Tuesday, July 28, 2015

First Thing: Is Maureen Full of Mullarkey?

Still on the tail of the dust-up over the New York Archdiocese's  Making All Things New campaign, we have First Things and National Review persisting with articles about good, bad and ugly parishes in New York City.  I hesitate even to cite the articles but, here, here and here, it's only fair that one reads and decides for oneself.

In these articles, everything from clashing ideologies to art history to bureaucratic politics is invoked to report on what reads like ad hominem attacks on Our Saviour's newest pastor and his very bad horrible decision to remove artist Ken Woo's icons from the Church of Our Saviour.  As a former parishioner at Our Saviour, I too signed the petition to save the icons and I too lamented the loss of Fr. Rutler as pastor.   I also lamented the loss of the religious education program.  (Oh, you didn't know about that?  Funny that neither First Things or National Review has picked up on the termination of the program--eighty kids, numerous loyal families and some 20 volunteer catechists and volunteer director summarily told by the new pastor, Good-bye!)

Fr. Robbins, or the mere idea of him, has managed to get the very blood of some so-called traditionalist New York Catholics boiling.  It's true that at Our Saviour, the air has changed, but Fr. Robbins hasn't yet replaced the wafer with Wonder Bread nor has he brought in liturgical dancers or a rock band. The Mass continues to be a rather reverential one.

What comes through in these articles is an ideologue's vitriolic disdain for that which challenges his ideology.  In this case, the target is the likes of a Fr. Robbins who, with his co-conspirator Cardinal Dolan, himself by now a satyr with tail and horns, dares to oppose a Fr. Rutler, definitely a heavenly cherub who can, by the way,  more than adequately defend himself if need be. It's predictable now if not comical to hear how suspect and disagreeable are all those who do not present as sufficiently traditionalist and orthodox to the traditionalist Catholic New Yorker who requires that others of us pass muster, we lesser ones being those who surely collude and conspire to deprive traditionalists of their priests, their parishes, their masses.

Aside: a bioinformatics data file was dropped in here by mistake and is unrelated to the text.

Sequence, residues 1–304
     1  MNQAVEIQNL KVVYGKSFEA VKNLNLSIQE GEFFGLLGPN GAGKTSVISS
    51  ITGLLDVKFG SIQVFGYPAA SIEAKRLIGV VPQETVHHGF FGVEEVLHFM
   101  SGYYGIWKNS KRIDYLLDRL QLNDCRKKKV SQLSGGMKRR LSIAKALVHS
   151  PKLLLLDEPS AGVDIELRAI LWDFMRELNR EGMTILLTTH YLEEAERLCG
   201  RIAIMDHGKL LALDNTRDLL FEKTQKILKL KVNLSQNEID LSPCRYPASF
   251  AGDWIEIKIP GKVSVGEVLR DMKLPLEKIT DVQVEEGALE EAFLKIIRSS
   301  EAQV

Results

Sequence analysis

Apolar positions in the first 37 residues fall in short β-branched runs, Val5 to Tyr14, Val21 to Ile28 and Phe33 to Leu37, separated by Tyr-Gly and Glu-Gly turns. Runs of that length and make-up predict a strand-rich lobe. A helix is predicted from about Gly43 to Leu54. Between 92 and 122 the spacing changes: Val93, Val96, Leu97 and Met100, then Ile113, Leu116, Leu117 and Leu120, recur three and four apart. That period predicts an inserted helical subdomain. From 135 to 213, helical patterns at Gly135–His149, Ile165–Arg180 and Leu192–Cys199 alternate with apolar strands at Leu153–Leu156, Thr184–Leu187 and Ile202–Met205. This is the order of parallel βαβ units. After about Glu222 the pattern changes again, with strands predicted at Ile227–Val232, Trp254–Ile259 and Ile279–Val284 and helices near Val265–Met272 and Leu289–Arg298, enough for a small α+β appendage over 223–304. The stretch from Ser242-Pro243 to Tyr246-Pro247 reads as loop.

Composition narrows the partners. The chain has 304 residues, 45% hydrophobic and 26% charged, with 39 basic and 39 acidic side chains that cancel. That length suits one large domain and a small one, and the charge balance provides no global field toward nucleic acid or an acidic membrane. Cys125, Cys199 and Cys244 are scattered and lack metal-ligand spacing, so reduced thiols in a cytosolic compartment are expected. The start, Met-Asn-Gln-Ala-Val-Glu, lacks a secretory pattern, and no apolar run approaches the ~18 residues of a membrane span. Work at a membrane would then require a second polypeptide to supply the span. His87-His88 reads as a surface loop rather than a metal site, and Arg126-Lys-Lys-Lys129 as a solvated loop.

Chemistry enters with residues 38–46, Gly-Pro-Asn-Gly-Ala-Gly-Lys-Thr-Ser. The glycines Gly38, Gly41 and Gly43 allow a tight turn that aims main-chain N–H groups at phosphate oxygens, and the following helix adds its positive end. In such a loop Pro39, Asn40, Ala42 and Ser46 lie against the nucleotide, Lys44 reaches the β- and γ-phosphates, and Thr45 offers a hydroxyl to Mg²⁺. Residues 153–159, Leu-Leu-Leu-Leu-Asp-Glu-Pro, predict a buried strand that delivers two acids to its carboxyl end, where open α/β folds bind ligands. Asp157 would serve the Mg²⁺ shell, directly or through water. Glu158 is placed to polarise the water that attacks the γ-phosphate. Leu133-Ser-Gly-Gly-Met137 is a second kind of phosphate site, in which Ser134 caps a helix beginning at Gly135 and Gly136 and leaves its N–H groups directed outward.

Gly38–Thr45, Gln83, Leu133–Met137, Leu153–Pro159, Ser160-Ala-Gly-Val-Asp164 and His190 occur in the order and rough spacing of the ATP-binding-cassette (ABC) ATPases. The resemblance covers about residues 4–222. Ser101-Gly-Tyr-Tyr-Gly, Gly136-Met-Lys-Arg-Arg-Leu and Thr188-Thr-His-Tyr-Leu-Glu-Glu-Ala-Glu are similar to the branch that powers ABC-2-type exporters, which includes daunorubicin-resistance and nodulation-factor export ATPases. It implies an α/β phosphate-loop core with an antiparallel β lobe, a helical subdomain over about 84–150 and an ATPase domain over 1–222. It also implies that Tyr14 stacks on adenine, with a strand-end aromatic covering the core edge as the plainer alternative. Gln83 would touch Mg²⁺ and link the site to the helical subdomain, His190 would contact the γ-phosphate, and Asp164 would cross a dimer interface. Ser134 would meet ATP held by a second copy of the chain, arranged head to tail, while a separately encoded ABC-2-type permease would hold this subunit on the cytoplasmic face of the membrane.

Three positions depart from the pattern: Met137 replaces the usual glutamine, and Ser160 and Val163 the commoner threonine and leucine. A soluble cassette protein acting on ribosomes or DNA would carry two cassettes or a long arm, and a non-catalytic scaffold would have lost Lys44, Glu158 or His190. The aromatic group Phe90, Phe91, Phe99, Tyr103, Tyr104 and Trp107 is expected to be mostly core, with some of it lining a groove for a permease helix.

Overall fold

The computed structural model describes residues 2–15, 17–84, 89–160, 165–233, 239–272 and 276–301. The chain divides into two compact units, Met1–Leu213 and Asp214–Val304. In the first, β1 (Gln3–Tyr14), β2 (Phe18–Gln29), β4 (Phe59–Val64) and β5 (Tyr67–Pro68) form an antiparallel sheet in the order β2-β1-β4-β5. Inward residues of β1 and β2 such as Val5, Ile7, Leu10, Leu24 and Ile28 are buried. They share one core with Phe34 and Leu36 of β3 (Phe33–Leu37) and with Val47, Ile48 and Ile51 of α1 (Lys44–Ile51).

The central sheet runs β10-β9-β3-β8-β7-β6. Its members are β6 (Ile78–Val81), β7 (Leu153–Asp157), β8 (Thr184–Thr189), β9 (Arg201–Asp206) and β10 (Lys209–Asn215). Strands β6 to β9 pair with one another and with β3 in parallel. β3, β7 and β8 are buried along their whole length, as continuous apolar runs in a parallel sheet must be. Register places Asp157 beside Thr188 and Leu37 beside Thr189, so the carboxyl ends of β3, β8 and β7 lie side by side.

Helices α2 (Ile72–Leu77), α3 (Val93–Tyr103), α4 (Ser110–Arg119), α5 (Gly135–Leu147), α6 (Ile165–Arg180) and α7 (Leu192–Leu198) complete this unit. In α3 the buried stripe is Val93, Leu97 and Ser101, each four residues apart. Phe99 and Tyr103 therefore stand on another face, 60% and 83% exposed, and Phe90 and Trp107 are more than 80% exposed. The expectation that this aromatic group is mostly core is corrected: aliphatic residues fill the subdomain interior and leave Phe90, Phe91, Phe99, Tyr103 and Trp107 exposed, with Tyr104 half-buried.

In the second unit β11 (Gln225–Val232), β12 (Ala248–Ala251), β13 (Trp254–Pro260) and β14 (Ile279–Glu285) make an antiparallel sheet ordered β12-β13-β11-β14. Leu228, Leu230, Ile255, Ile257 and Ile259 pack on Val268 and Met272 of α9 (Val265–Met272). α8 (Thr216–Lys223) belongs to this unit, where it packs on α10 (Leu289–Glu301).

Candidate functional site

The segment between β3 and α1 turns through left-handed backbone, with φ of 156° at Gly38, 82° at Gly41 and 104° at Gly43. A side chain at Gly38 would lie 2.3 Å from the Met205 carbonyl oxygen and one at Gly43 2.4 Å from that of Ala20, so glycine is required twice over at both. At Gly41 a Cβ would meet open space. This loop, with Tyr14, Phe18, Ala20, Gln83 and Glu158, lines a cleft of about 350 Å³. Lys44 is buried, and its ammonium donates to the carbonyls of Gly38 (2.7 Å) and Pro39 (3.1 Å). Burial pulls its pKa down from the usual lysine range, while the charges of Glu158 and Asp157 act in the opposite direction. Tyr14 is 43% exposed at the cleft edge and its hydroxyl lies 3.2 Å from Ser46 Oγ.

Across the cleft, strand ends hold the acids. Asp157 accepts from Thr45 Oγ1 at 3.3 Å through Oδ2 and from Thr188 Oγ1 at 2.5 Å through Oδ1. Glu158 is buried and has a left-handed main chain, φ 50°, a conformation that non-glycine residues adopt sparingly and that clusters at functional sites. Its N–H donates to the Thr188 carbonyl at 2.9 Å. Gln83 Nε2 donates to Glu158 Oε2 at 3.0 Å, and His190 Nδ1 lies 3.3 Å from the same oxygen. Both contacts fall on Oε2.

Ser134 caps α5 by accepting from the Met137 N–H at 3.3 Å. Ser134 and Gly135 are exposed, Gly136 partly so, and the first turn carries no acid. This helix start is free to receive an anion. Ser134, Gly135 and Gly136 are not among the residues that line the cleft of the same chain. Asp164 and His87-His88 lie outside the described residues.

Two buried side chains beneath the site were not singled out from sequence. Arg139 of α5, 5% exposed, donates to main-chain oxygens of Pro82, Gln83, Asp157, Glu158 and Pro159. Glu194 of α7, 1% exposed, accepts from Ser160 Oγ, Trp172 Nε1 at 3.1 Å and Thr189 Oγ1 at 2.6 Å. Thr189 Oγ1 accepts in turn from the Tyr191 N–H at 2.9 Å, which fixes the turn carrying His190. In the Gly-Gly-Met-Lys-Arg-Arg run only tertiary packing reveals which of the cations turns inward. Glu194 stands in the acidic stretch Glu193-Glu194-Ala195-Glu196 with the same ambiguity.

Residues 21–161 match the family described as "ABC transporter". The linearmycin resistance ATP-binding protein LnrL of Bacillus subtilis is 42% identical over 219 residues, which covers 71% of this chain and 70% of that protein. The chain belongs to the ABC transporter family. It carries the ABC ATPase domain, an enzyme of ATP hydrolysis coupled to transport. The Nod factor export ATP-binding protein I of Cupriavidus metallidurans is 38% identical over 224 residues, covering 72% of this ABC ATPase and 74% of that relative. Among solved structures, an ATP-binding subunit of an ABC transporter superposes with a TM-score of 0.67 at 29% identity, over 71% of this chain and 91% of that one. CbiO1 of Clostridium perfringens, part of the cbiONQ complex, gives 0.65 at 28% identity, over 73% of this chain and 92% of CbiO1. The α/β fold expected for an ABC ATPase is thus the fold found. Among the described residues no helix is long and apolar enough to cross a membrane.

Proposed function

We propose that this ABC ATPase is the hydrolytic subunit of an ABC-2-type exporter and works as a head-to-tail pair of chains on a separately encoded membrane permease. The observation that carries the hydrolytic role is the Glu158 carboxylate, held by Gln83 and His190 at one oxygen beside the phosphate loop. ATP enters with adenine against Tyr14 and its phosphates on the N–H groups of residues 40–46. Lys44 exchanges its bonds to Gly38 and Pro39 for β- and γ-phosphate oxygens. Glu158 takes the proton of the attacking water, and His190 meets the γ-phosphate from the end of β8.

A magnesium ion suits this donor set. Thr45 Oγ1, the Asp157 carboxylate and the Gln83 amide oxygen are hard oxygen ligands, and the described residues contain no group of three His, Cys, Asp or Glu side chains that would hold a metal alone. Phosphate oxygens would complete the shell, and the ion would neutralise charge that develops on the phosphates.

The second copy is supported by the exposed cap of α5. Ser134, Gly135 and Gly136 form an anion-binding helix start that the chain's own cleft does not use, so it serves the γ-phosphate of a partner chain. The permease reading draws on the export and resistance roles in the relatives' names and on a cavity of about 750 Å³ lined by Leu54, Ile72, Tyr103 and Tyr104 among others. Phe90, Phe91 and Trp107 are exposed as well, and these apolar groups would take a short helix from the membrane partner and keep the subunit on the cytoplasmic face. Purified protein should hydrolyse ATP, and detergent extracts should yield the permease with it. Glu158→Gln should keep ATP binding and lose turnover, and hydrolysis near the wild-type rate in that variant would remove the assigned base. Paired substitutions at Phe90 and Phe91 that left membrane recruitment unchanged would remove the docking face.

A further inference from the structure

Where's the Catholic joy?  Who would want to be a part of this orthodox crowd when they whine and stamp their feet so miserably because their sensitivities are upset. 

Saturday, July 18, 2015

A Week of Saints

St. Kateri Tekakwitha, St. Bonaventure, St. Camillus de Lellis but we began the week with the Bavarian Holy Roman Emperor St. Henry II of Bamberg whose saintly wife Cunegunde is buried with him in the Dom in Bamberg, Germany.  I decline to post my plain photos of Bamberg except for the one below. Besides Henry and Cunegunde's Riemenschneider sarcophagus in the Dom and all the other sights of this Bavarian city, the Age of Faith lingers in modern-day Bamberg if you walk around a bit.
A crucifix at the end of a quiet street leading back to the Bahnhof in Bamberg

Thursday, July 16, 2015

Dr. Nucatola

Is Dr. Nucatola a good doctor?  She looks presentable, very normal actually, and she speaks well, self-assured and articulate.  She must be fairly well trained in her field.

She's talking about salvaging and selling the livers, lungs and hearts of aborted babies as she chats glibly in a restaurant over a glass of wine and some salad.  She's a professional, looks to be a young woman.  What is the culture that raised up a Deborah Nucatola we might ask.